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Food trucks and fun draw seniors to Springfest

In a year where April showers looked more like blizzards, MAP's annual Springfest celebrated a return to the season's more traditional weather. A crowd of students passed under red and white balloon arches to find academic quad adorned with flags and inflatables.

Natalie Quintero's snow cone looked like an oversaturated tie-dye project. Syrup oozed in every color between the crushed ice crystals as she lapped up their ambiguously fruity flavor. Her friend Emma Jacky opted for more consistency, limiting herself to a solid blue cone.

On the sidewalk behind them, a woman pulled a wagon full of Doritos and water bottles. She was followed by someone in a cartoonish owl costume, the mascot for The Verge apartments.

"Do you know where you're going to live next year?"

Jacky didn't know where she'd be living, but it wouldn't be in Oxford. Come fall, she'll start her speech pathology master's program at Indiana University.

For some seniors on the brink of graduation, Springfest marked their first visit to campus on a Saturday in quite some time.

"I came strictly for the free food," said Jalana Phillips between bites of a food truck favorite: macaroni and cheese topped with Buffalo chicken.

Joining Phillips was her friend and fellow senior Jada Harris, who was excited that Springfest's food options had expanded beyond funnel cake and cotton candy. Ten minutes after her arrival, she declared this year's Springfest as her best.

"It's sad that this is my last one, but it's great that I'm going out with a bang," Harris said.

Meanwhile, after putting a dent in their snow cones, Jacky and Quintero surveyed the quad's activities. They watched a girl jump off an inflatable tower and decided that heights weren't on the day's impromptu agenda.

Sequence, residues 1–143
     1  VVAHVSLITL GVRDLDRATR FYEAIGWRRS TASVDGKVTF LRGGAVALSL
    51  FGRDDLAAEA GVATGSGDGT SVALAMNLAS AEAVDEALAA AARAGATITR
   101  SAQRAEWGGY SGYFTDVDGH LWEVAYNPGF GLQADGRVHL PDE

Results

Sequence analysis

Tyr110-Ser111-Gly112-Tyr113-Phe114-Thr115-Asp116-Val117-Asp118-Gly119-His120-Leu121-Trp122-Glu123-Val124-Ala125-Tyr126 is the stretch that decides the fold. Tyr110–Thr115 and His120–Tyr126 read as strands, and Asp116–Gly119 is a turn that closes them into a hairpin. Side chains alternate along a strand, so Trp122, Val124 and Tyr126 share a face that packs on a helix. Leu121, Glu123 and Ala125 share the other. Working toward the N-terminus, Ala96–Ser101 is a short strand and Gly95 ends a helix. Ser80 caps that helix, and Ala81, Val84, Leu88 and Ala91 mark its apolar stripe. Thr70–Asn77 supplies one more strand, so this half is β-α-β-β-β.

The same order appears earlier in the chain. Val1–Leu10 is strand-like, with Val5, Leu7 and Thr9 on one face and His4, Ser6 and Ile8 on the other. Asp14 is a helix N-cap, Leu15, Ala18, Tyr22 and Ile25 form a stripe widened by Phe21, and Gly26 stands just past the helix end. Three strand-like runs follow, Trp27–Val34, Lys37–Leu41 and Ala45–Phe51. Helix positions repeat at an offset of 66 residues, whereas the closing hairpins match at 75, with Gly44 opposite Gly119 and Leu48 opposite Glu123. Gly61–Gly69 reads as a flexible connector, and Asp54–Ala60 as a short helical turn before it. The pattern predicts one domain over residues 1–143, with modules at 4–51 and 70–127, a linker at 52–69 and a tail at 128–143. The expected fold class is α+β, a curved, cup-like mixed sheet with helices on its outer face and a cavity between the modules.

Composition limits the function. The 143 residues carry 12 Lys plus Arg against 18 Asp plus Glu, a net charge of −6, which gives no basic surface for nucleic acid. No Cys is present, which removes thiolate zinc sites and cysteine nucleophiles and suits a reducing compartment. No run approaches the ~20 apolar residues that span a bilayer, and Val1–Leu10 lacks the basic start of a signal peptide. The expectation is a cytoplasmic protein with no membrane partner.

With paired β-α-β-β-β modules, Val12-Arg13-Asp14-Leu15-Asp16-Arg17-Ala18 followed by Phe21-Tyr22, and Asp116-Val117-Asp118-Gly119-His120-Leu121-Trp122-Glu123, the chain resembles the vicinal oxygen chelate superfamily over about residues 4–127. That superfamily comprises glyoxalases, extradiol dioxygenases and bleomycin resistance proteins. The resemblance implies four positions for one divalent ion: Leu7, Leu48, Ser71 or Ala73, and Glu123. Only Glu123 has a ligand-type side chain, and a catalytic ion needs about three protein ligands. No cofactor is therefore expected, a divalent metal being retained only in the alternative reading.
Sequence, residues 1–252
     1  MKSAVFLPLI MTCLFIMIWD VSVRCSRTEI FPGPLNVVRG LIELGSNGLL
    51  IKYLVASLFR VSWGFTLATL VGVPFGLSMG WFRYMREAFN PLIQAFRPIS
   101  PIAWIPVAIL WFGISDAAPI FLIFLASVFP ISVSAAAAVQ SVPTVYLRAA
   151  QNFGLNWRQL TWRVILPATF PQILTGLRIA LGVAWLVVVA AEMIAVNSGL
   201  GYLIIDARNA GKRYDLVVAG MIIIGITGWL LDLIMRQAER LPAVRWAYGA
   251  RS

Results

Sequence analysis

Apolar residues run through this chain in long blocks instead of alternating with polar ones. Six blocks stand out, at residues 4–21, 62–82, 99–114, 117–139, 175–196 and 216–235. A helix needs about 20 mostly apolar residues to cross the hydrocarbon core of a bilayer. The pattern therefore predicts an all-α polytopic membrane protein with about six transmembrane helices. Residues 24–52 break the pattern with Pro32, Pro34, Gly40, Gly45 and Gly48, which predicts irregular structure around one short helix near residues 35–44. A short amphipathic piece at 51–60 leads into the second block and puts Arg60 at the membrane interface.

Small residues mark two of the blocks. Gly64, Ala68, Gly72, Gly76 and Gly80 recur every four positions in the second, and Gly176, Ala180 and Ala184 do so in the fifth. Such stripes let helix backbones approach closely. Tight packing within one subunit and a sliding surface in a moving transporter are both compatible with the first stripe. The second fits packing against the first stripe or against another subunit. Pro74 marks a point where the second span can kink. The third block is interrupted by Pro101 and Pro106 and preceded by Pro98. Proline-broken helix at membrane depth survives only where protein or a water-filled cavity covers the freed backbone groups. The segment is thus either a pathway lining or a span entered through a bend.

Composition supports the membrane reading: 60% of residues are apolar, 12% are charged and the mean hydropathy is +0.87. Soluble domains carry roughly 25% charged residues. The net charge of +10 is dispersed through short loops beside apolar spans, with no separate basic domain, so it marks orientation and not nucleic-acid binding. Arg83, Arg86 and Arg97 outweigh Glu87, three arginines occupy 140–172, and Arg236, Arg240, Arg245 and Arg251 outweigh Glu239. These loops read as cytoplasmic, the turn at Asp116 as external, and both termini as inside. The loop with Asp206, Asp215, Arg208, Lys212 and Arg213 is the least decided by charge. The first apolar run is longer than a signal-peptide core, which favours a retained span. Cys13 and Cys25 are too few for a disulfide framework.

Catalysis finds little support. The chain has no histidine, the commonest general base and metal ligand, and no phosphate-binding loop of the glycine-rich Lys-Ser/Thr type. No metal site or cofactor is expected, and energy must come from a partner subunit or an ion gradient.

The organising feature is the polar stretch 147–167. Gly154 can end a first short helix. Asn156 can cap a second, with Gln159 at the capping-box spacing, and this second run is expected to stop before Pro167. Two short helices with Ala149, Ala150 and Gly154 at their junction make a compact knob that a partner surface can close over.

The duo walked past a table stacked with two piles of Springfest t-shirts, one baby blue, the other banana yellow. Jacky eyed the yard sign nearby: "5 Tickets for a Shirt."

"I thought they were supposed to be tank tops," she said.

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Quintero nodded. "How else are you supposed to show off your guns?"

While in line for "Tin Pan Alley," a carnival game where players tossed wiffle balls into cups, Quintero spotted an empty dunk tank.

"Do you want to sit in there and I'll throw?" she asked.

"Why do I have to sit in there?"

"Because I feel like you have better aim than I do," Quintero said.

Jacky's aim proved true enough to win her a single ticket from the carnival game, but neither friend was in the mood for a dip. Instead, they wandered over to an inflatable obstacle course, promising to keep any competitive inklings between them at bay.

Sadly, their race was not meant to be. The person stationed at the obstacle course pointed toward the line of people waiting to get a stamp on their hand, proof they had signed a liability waiver and were free to ride the spinning gravitron, zoom down the zipline or bound through the host of American Ninja Warrior-esque attractions.

As they waited, Quintero noticed the DJ responsible for reminding her of Rihanna's "Umbrella," which drowned out the roaring fans that fueled inflatables.

"I need him to play the yodel boy remix," Quintero said, referring to the Walmart yodeler of internet fame.

Jacky promised to go with her to put in a request, but the two decided that the DJ probably had a fixed playlist for the afternoon.

Impatient, Quintero and Jacky ditched the line in favor of cotton candy and some "Chicken Mac" of their own. In the time it took them to get food, the line to sign a waiver had evaporated. Too full for rides, the duo ditched their plans and grabbed water bottles in order to hydrate before heading uptown.